Mailbox Monday: How Do I Modulate?

young children at the piano

Virginia, I want to thank you for your note and for your request. Such a great question... "How do I modulate?" If your playing for your own enjoyment or for church, you'll definitely want to learn how to do it. I've blogged about it before and if you have the time, look at these posts: What if there isn't a transpose button? and How to transpose, modulate, and memorize.

My answer: Usually it's the V7 chord of the next key you want to go to that is the pivotal chord. You can hear how the sound sets it up. So, if you're playing along in the Key of D, you've landed on the V chord which is A, and you want to head over to the Key of E, then play B7 chord. Do you hear the change?

Modulation and the Pivot Chord
Most basic teaching on the process of modulation concentrates on the role of the pivot chord. A chord is chosen which is common to the two keys involved. The chord is ambiguous and takes on one function in the first key and is reinterpreted as a chord on a different degree of the scale in the new key. For the chord to be truly ambiguous then it should be neither the tonic nor dominant of either key. This process smoothes the flow from the first key to the second key. An outline of this would be as follows:
In this harmonic outline, the A minor chord is common to the keys: C major and G major and consequently can be used to smooth the transition form one key to the other. The A minor chord is moved to as chord VI in C major and quit as chord II in G major. This idea assumes that the mind perceives chords differently in relation to the keys preceding and following the chord. This is only an assumption. (Credit:

While we're on the subject of transposition, I'd like to share Chapter 18 from Edly's Music Theory For Practical People - Third Edition. I sure hope the information helps many of you.


What is transposition? It is simply changing the key of the melody, a chord progression, or even an entire song.

Why might one want to transpose? Common reasons include: to put a song within a certain singer's vocal range, or a certain instrument's best playing range, or to allow instrumentalists to play in a key with fewer accidentals, or for a transposing instrument to read from concert key sheet music. Lastly, transposition is used part way through a song in the form of modulation (changing key), to "freshen" the aural palette, and especially in pop music, to create a feeling of intensity.

Basic Transposition... Transposing Melodies

How does one transpose? The most basic way to transpose a melody is to use the chromatic scale, and move each note the same number of half-steps up or down. A common example of this is men and women singing the same melody together. Women's vocal ranges are naturally about an octave higher than those of men. Singing the same melody separated by an octave is the simplest transposition: octave transposition.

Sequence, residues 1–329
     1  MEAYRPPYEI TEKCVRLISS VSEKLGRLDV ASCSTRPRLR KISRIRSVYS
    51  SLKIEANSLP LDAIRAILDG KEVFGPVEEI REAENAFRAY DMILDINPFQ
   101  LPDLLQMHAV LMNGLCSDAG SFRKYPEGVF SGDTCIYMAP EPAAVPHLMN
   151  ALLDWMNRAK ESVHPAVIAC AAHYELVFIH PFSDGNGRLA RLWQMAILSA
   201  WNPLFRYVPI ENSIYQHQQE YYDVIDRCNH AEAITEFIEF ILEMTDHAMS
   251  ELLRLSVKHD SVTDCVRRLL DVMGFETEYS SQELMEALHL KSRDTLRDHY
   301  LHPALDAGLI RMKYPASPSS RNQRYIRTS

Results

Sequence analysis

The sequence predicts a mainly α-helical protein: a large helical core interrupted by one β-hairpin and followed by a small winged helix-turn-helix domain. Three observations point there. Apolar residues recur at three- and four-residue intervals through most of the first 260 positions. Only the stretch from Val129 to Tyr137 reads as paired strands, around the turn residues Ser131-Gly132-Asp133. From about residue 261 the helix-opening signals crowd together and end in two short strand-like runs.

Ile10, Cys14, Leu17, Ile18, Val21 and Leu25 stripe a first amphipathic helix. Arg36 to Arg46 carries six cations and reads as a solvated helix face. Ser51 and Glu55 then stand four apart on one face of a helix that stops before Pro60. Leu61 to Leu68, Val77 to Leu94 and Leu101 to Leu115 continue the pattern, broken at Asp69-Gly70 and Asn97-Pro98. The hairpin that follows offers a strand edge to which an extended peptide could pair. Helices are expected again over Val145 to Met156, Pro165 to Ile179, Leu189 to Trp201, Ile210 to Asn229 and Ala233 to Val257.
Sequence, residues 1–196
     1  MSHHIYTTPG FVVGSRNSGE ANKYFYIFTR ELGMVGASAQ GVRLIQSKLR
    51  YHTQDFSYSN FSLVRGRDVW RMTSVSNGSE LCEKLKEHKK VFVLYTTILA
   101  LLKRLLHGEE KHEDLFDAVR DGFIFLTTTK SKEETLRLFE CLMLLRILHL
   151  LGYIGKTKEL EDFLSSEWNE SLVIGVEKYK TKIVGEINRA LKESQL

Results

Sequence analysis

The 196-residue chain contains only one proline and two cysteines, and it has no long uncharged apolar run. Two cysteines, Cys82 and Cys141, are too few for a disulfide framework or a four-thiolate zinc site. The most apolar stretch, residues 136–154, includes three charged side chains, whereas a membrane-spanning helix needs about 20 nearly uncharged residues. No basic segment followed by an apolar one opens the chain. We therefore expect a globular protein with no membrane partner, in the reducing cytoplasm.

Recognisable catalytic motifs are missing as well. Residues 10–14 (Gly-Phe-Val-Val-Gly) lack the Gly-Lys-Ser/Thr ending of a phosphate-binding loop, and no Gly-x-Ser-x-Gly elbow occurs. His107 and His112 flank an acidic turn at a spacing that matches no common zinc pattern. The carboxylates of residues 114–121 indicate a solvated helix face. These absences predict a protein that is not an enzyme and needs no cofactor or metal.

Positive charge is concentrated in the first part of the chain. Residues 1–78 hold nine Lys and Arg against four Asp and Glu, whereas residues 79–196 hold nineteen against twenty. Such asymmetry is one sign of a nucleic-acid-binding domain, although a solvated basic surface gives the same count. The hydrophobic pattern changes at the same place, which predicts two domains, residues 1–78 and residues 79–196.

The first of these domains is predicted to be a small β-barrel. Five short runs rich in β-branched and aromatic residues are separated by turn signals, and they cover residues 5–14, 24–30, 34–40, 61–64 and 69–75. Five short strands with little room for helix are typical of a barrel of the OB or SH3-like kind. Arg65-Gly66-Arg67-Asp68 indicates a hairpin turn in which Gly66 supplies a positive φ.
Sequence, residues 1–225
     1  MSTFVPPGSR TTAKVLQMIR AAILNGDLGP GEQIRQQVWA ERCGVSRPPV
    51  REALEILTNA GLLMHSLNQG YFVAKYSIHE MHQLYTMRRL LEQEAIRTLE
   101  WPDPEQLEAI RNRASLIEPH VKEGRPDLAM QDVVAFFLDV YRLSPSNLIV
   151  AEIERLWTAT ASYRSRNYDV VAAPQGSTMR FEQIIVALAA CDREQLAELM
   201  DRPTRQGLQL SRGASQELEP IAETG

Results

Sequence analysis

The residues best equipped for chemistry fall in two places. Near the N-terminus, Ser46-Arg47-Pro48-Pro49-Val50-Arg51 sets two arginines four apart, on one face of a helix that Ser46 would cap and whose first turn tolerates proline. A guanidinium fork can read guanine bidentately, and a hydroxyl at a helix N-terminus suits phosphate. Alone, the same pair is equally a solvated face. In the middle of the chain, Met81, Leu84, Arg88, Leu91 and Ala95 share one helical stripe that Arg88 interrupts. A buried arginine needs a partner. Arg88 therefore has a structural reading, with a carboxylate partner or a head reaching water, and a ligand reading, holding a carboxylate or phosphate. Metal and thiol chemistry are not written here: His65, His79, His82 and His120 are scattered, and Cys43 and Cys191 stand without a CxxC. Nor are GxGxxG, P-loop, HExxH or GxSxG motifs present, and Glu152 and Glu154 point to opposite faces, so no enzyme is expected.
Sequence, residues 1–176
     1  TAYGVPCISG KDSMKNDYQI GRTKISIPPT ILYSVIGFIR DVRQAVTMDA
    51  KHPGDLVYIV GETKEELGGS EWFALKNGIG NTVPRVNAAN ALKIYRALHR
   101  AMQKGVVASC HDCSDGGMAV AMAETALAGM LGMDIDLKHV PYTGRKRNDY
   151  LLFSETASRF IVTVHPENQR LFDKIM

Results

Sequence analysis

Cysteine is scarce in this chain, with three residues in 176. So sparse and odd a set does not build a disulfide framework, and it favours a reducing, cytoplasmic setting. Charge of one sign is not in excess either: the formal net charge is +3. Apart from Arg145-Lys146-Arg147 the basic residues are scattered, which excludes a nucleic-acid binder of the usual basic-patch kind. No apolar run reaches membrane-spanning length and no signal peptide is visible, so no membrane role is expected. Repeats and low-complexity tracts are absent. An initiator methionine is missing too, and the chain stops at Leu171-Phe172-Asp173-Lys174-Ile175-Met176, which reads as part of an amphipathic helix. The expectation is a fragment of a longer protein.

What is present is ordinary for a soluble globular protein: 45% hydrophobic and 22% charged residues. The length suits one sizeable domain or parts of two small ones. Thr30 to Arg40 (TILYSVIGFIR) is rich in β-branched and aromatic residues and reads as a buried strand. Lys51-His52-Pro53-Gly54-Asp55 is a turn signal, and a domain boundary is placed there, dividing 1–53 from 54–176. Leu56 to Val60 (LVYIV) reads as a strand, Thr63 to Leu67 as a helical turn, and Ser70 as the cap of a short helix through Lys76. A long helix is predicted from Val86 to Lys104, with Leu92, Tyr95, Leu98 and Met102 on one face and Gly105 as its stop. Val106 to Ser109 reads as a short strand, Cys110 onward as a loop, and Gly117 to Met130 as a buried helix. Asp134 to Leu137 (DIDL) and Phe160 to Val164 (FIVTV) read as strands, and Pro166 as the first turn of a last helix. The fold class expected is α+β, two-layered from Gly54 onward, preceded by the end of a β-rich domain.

Some melodies fall into a range that men and women share. In this case, they can sing in unison. An example requiring a bit more thought on the part of the transposer is a melody which is a bit too slow for a female singer and a bit too high for the male singer to sing in unison. A solution for this is to transpose the melody up, for example, five half-steps for the woman, and down seven half-steps for the man.

One could use this method (of transposing using half-steps) to transpose any distance, but there is an easier way for anyone comfortable with intervals. This easier, quicker, way is to transpose by interval. If you know your intervals, transposing each chord or melody note up or down the appropriate interval is a breeze. Up five half-steps is a perfect fourth, and down seven half-steps is a perfect fifth. Why count half-steps when you can calculate by interval? So, both of these techniques yield the same result: the men and women will be singing in octaves in the key a fourth higher (or a fifth lower).

More Advanced Transposition... Transposing Chords

Chords can also be transposed. I'll show you an example... When transposing chords, change only the root of the chord! Do not change the chord type at all. If you were to change the chord type, you'd be reharmonizing (changing the harmony), not transposing. 

For example, take the chord progression Em, Eb, Abmaj7, G6, and transpose the roots up a minor third. You wind up with Gm, F#, Bmaj7, Bb6. Easy!

* There's lots more to the chapter but basically this last point is essential here. *

The quickest way to transpose is based on understanding keys well enough that you can think of (and ideally, hear) what you're playing, whether melodies or chords, in non-key-specific terms. This would mean that you are sufficiently aware of chords' (or notes') relationships to each other, that you see (and hear) the original key as just one of twelve possibilities. That is, instead of thinking of C, F, and G7, you think think of I, IV, V7 occurring. If you know your keys and scaled well enough, it is easy to think of I, IV and V7 in any of the twelve keys.

The more you transpose, the more it will come naturally to you!

You may want to check out Song Robot Software to help with modulation of songs.


"The beautiful thing about learning is that no one can take it away from you." B.B.King

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